Opal’s weak legs can’t raise her from bed but she knots her hands, prays harder than anyone. She knows God’s been after her for years. Her polio, penance for those men with moss-soft beards, their cigar-coal smell, the remembrance of which, even now, draws her mind from the solitary work of purity.
“Blind Date in Denver”
By Dusty Aunan
In the airplane bathroom, you’re looking at your naked butt in the mirror. You’ve never before had the desire to shake your ass under colorful lights for an audience but suddenly you’re mourning that bygone potential. You bounce both cheeks with your fingertips. Are they sagging closer to the floor every time they fall? When you spank them do they make a pleasing spank sound? When seated bare on, say, an airplane bathroom countertop, do they fan out like two fried eggs?
Puppeteered by your hands, your cheeks say, “Hey, you’re doing your best.” The fasten seat belt light comes on.
Judge’s Pick-Kevin Labrum
“Do You Relate”
By Alex Fascilla
I don’t like ‘Ralph.’ My colleague got ‘Rebecca’ and likes it. Ralph exists to give you faith I am like you.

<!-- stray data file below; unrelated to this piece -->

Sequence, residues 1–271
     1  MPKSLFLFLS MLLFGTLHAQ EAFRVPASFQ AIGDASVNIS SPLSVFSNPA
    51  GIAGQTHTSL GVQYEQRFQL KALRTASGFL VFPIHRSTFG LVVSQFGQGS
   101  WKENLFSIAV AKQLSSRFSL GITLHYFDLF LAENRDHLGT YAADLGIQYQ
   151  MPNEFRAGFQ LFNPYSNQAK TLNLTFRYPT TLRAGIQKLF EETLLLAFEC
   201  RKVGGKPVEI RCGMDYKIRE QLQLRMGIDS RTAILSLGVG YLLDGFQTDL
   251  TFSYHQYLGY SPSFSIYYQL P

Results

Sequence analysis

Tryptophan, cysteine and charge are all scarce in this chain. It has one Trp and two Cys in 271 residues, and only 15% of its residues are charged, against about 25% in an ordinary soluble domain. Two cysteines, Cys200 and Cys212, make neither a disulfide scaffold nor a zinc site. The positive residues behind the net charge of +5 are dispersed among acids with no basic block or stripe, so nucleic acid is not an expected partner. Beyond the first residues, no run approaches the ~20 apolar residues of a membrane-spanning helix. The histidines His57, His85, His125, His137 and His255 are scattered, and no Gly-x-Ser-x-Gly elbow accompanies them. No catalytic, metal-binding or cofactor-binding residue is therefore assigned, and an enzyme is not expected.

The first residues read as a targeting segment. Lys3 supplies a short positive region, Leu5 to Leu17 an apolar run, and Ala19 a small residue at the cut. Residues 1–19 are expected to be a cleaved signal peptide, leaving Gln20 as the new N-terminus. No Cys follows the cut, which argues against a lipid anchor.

“These names reduce the ‘relatability gap,’” they tell us. But Ralph will not convince you.
My father kept goats and never made more than $400 in a year. My father drank the wrong water and died in the dirt. Do you relate?
Talk right you say. We’re not allowed to hang up.
My family is proud. They do not know that here I am Ralph. I am not Ralph. I am called Sanjeev Pavel. I don’t know who I am.
Judge’s Pick-Paige Thomas
By Gene Hauck
Maggie was waiting at the light when she noticed white fluff blowing from a torn mattress left on the side of the road. Imagining that the mattress had absorbed the dreams of everyone who ever slept on it she saw those tiny puffs as years of dreams set free. She thought about her mother locked in the terrible silence of her stroke and bedridden. Does her mattress hold her dreams? Maggie decided that then next time she visited her mother she would cut a small hole in her mattress and put some stuffing to the wind. She smiled and drove away.